Prodr. Aethéogam., 15. 1805
Phenology: Capsules mature spring–late spring.
Habitat: Dry rock, acidic rock (granite, sedimentary), conglomerates, limestone, soil, cliffs, dry, sunny boulders, in woods on acidic glacial erratic rock, tree trunks and branches, asphalt shingles, edges of asphalt roads
Elevation: low to high elevations (0-2300 m)
Greenland, Alta., B.C., Man., N.B., Nfld. and Labr., N.W.T., N.S., Nunavut, Ont., Que., Sask., Yukon, Ala., Alaska, Ariz., Ark., Calif., Colo., Conn., Del., D.C., Fla., Ga., Idaho, Ill., Ind., Iowa, Kans., Ky., La., Maine, Md., Mass., Mich., Minn., Miss., Mo., Mont., Nebr., Nev., N.H., N.J., N.Mex., N.Y., N.C., Ohio, Okla., Oreg., Pa., R.I., S.C., S.Dak., Tenn., Tex., Vt., Va., Wash., W.Va., Wis., Wyo., Mexico, West Indies, Central America, South America, Eurasia, Africa, Atlantic Islands, Pacific Islands (New Zealand), Australia.
In plants of Hedwigia ciliata with dense paraphyses extending onto the calyptra, the paraphyses are sparsely papillose and have sharp lateral teeth on one side at the distal ends of some cells. In the eastern to northeastern part of the flora area, the typical facies have vaginula and calyptra that are densely pilose. The hyaline apices are absent to short or to 1/3 the leaf length.
Although the type of Hedwigia ciliata var. leucophaea has apparently been lost, L. Hedenäs (1994) gave formal synonymy for var. leucophaea. W. R. Buck and D. H. Norris (1996) proposed the name H. nivalis for a facies of what was formerly called H. ciliata in the southwestern United States, and for all tropical American material. B. H. Allen (2010) accepted this suggestion. M. Lueth and A. Schaefer-Verwimp (2004) reported var. leucophaea as new to South America and that the two specimens of the variety were collected from the type locality of H. nivalis. The leaves in var. leucophaea are more oblong (less ovate) than in H. nivalis, the acumina are narrower, and the calyptra is pilose. These characters in the flora area are present and variable throughout the range of H. ciliata, especially in areas west of mid-continent.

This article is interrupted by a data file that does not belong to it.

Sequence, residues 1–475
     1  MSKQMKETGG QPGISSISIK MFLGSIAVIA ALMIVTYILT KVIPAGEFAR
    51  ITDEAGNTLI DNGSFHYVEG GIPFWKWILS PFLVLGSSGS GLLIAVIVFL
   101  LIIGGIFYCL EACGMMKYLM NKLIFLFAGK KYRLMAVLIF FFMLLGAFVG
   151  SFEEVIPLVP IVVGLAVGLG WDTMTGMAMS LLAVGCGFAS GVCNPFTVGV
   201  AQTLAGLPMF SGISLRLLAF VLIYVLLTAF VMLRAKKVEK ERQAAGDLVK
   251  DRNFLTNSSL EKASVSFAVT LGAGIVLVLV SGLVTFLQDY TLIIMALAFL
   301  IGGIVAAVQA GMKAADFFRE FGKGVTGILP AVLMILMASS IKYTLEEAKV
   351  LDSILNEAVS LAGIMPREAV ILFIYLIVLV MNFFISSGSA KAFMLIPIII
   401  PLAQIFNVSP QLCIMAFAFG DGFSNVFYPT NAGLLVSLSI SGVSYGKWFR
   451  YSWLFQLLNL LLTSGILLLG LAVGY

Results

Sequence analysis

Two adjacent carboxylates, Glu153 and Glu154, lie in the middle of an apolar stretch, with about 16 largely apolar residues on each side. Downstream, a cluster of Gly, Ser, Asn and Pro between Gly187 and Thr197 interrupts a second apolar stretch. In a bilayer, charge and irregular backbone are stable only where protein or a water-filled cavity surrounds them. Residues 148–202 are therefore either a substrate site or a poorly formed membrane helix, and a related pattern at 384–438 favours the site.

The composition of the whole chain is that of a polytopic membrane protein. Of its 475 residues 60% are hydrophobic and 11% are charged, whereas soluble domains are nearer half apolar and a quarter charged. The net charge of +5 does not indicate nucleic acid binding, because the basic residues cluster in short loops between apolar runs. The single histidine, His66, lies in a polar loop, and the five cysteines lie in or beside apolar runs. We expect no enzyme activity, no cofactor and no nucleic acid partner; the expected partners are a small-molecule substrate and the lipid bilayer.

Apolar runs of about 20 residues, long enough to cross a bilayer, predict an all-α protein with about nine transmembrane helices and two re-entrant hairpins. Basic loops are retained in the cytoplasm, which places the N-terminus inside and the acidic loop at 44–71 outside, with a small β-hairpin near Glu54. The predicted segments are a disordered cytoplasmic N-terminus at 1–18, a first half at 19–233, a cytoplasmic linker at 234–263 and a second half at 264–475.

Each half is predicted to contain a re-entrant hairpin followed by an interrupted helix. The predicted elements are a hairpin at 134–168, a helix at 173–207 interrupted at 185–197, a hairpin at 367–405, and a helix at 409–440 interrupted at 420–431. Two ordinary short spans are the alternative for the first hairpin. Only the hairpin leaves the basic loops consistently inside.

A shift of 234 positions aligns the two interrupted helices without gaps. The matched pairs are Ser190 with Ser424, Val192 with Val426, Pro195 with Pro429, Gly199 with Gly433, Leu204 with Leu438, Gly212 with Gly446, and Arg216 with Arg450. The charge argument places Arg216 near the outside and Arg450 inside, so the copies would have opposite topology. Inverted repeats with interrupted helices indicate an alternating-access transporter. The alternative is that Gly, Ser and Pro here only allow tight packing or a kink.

|Author||Patricia M. Eckel +|
|Authority||(Hedwig) P. Beauvois +|
|Basionyms||Anictangium ciliatum +|
|Distribution||Greenland +, Alta. +, B.C. +, Man. +, N.B. +, Nfld. and Labr. +, N.W.T. +, N.S. +, Nunavut +, Ont. +, Que. +, Sask. +, Yukon +, Ala. +, Alaska +, Ariz. +, Ark. +, Calif. +, Colo. +, Conn. +, Del. +, D.C. +, Fla. +, Ga. +, Idaho +, Ill. +, Ind. +, Iowa +, Kans. +, Ky. +, La. +, Maine +, Md. +, Mass. +, Mich. +, Minn. +, Miss. +, Mo. +, Mont. +, Nebr. +, Nev. +, N.H. +, N.J. +, N.Mex. +, N.Y. +, N.C. +, Ohio +, Okla. +, Oreg. +, Pa. +, R.I. +, S.C. +, S.Dak. +, Tenn. +, Tex. +, Vt. +, Va. +, Wash. +, W.Va. +, Wis. +, Wyo. +, Mexico +, West Indies +, Central America +, South America +, Eurasia +, Africa +, Atlantic Islands +, Pacific Islands (New Zealand) + and Australia. +|
|Elevation||low to high elevations (0-2300 m) +|
|Habitat||Dry rock, acidic rock (granite, sedimentary), conglomerates, limestone, soil, cliffs, dry, sunny boulders, in woods on acidic glacial erratic rock, tree trunks and branches, asphalt shingles, edges of asphalt roads +|
|Illustration copyright||Flora of North America Association +|
|Illustrator||Patricia M. Eckel +|
|Phenology||Capsules mature spring–late spring. +|
|Publication title||Prodr. Aethéogam., +|
|Publication year||1805 +|
|Source xml||https://email@example.com/aafc-mbb/fna-data-curation.git/src/f50eec43f223ca0e34566be0b046453a0960e173/coarse grained fna xml/V28/V28 133.xml +|
|Special status||Illustrated +|
|Synonyms||Hedwigia ciliata subsp. subnuda +|
|Taxon family||Hedwigiaceae +|
|Taxon name||Hedwigia ciliata +|
|Taxon parent||Hedwigia +|
|Taxon rank||species +|
|Volume||Volume 28 +|